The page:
With such a variety of video sources, the team also uses NewTek Spark NDI converters. The Spark converters take SDI and HDMI signals and provide an IP stream to be used by displays and the TriCaster systems. Calling it the “a magic box,” the team finds the Spark device to be a great tool that facilitates the concept of video over IP.

Fluid Sound is already working on some expansion of video usage at Edwards Lifesciences. A NewTek NC1 Studio I/O module is being integrated to add some extra capacity over NDI for using Microsoft Teams with the TriCaster TC1. They are about to integrate a campus wide video production environment that will permit NDI network sources to be brought into the production studio control room from their large atrium where they conduct company-wide meetings and from the research center with the other TriCaster TC1 located there. The ability to bring in lots of different sources that aren’t physically located in the studio facility is one of the forward-thinking elements that Edwards Life Sciences has for the growth of video use in the future.

Four NewTek Spark devices convert SDI signals into NDI signals to carry video, audio and metadata over standard Ethernet connections reducing cost and complexity. These devices are mounted in Edwards’ mobile video production case for use as needed within their facility. Operators call them the “magic box”

As Dennis Pappenfus, partner at Fluid Sound, puts it, “Edwards Lifesciences is envisioning ways to use the tools that have been implemented in ways that we didn’t think of as part of the planning process. It’s really great to see somebody be given some capacity and then watch them learn how to use that capacity in ways that weren’t part of the original design specification.”

With 4,000 plus employees in Irvine and 13,000 globally, Edwards Lifesciences has to be well attuned to connectivity. Video over the network means that people can easily be linked, and production can be done in other locations. Being able to utilize the studio with the network to record patient cases, interview physicians and then to easily share internally within the global Edwards network or outside is a huge benefit they are looking forward to.

Edwards Lifesciences has been using the studio facility for about five months using it four or five times a week already. They expect that in the future it will be booked solid which helps show a real return on investment. Senior executives have recorded messages that are shared with employees around the world. They take the video and post it on their internal network. The studio has been used for sit down interviews including external personnel coming in and using the facility. The studio has a green screen to people into environments that match the topics they are talking about.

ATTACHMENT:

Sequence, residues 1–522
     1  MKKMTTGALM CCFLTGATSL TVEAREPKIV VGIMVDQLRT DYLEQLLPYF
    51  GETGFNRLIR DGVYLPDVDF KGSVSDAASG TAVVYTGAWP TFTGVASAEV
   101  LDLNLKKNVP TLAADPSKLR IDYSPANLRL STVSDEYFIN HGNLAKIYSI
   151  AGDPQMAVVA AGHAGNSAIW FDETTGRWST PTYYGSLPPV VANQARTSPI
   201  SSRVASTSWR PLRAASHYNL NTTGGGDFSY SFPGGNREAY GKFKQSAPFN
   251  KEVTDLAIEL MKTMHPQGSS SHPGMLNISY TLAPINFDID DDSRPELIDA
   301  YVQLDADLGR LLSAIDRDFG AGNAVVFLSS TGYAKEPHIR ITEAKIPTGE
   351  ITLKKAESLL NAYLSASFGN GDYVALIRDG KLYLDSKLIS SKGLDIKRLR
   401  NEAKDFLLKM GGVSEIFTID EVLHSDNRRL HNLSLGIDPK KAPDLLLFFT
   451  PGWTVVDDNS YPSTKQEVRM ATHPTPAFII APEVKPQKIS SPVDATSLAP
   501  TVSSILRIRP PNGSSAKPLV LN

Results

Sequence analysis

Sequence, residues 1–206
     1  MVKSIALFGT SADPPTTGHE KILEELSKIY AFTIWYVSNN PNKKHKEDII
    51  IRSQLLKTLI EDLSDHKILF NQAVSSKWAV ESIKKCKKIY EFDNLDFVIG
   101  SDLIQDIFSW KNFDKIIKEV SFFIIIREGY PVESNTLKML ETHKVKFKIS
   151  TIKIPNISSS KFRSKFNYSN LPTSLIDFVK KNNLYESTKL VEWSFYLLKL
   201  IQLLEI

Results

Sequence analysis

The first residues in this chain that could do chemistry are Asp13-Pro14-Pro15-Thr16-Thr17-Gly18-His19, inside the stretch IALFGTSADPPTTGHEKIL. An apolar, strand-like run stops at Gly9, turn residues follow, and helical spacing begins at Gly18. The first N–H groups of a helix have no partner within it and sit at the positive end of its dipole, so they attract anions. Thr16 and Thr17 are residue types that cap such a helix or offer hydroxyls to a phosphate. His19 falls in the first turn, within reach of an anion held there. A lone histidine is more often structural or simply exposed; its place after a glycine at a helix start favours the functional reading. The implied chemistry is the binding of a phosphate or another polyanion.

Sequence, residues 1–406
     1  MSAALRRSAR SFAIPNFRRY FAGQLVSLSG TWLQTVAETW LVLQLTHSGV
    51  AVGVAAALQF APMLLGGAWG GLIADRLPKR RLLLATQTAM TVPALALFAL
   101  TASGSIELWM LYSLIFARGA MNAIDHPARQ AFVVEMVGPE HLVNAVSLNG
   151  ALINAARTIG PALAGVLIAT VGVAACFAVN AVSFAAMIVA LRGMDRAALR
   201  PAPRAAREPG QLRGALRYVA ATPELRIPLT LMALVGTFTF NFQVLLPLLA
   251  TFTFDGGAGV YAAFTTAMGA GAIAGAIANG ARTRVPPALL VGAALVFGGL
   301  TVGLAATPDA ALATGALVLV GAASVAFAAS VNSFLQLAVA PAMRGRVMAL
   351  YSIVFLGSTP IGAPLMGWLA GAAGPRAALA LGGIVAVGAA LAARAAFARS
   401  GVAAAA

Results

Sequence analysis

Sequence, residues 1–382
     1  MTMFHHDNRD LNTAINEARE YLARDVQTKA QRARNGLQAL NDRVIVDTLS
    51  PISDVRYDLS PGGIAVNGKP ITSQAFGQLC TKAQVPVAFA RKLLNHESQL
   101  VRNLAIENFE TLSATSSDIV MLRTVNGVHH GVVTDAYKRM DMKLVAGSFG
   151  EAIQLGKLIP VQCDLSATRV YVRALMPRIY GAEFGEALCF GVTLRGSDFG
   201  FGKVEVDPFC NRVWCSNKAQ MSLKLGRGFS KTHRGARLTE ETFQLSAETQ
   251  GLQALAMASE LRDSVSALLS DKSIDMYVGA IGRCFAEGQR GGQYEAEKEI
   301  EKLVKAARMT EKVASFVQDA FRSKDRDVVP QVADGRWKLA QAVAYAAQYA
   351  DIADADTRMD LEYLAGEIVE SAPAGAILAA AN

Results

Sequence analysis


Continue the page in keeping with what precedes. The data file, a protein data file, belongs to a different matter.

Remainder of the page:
Carey Hendsbee, Senior Designer, TMTT at Edwards Lifesciences operates the mobile TriCaster multi-camera live production unit at the company’s facility in Irvine, CA

A real benefit is the timeliness of the whole process. They no longer have to use valuable management time taking over office spaces for interviews. Recently the CEO was able to just walk into the studio and do an internal video which was edited and delivered out to employees within two days. In the first five minutes, five hundred people had already clicked on it to view. The process is now easy by having a physical location and the tools to support it, so they just walk in, turn on the system, do some fine tuning on the lighting and they are ready to go. This is all being done using internal staff managing the video production environment with minimal training and learning curve.

Director Nolan Tiana, explains, “For those of us who are engaged in communications and engaging employees or other stakeholders, it’s apparent that video is critical. My words of advice are to invest in it, really get your leadership to buy into it, to see the value in it and walk them through the use cases for what you want to do. Show what it is going to end up saving in terms of time and preparation. Compare what it takes to produce someplace else or bring in third party companies. Paint a picture of what the future can look like, and it will pay off.”

Director Nolan Tiara of Edwards Lifesciences stands in front of the green screen inside Edwards’ in-house studio for corporate communications

The response from employees has been tremendous. “They really enjoy now not just hearing from the leadership team, but actually seeing them and reacting to their expressions is wonderfully motivating,” said Nolan. Edwards Lifesciences is a company that is proud that the technologies they develop save and extend the lives of people. Employees are able to listen to and see a video from the CEO who is personally thanking them for their focus and efforts and dedication to helping patients. Video brings a significant benefit to the culture of the company and their ability to both retain and engage employees.